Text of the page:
The Associated Press (AP) recently appointed veteran journalist Sonya Ross to be the organization’s first-ever race, ethnicity, and demographics editor. The new position comes at a time when sophisticated reporting by and about racial minority communities is not keeping up with the pace of their growth.
The new post will “produce coverage that captures the changing facets of race and ethnicity in the United States and its effects on the experiences of people of various races,” acting AP Washington Bureau Chief Steve Komarow said in a statement.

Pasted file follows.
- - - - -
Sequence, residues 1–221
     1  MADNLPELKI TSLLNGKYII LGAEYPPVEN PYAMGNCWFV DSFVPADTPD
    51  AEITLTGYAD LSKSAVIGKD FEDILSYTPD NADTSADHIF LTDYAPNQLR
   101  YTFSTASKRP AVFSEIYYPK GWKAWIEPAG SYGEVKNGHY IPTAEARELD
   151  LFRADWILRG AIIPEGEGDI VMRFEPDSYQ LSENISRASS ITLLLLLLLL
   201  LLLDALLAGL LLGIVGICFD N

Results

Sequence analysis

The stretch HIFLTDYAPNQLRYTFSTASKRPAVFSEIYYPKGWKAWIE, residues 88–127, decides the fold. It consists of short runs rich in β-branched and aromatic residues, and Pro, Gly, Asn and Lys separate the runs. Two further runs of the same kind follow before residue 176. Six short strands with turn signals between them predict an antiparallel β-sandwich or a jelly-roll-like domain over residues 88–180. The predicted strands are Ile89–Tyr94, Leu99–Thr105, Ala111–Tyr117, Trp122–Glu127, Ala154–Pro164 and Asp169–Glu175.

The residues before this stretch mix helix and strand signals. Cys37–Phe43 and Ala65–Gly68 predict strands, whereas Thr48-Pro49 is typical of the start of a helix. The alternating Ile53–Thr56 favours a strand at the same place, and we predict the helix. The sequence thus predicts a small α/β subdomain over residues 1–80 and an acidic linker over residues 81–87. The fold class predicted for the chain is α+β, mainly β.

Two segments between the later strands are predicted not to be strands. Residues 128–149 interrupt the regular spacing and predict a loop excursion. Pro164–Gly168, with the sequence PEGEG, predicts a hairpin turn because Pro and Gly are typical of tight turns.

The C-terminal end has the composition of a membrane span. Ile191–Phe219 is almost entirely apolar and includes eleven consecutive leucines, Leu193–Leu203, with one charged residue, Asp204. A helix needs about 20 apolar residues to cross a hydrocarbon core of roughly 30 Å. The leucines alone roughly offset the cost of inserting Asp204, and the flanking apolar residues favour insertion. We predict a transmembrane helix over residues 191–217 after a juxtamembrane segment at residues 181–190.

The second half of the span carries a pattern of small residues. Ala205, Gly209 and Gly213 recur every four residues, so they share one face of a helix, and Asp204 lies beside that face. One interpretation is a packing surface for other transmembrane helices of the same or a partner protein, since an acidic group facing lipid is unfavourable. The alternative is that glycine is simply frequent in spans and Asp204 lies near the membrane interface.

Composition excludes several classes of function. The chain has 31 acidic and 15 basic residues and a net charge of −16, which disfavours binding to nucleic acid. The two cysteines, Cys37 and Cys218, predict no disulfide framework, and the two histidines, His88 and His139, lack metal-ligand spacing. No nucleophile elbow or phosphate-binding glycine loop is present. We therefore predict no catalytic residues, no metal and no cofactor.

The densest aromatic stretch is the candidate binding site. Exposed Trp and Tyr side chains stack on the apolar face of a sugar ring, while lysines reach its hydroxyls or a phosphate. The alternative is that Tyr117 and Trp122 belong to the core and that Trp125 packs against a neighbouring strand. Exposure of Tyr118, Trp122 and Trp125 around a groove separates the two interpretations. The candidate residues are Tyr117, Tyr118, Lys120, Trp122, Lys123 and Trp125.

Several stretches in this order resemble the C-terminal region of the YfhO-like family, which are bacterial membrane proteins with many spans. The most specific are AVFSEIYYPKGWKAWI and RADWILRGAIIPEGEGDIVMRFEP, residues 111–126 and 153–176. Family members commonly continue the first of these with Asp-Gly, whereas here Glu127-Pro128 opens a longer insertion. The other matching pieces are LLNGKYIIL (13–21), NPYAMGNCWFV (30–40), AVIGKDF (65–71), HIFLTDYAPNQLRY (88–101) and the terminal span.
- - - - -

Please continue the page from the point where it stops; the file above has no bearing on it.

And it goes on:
Ross, a former urban affairs and White House reporter, said she intends to “offer these audiences a sophisticated level of information about themselves and how everyone interacts and works together…I’m glad that AP sees the wisdom in paying attention to racial issues.”
“Determining how to cover race is such a volatile subject and everyone runs from it,” she said. “People find euphemisms for what needs to be said as though it’s being discussed in polite company, but these are not always polite issues. Our challenge is to reflect this in a way that people understand.”
According to its website, AP is a not-for-profit news cooperative that serves 1,700 newspapers and 5,000 radio and television outlets in the United States as well as newspaper, radio and television subscribers internationally.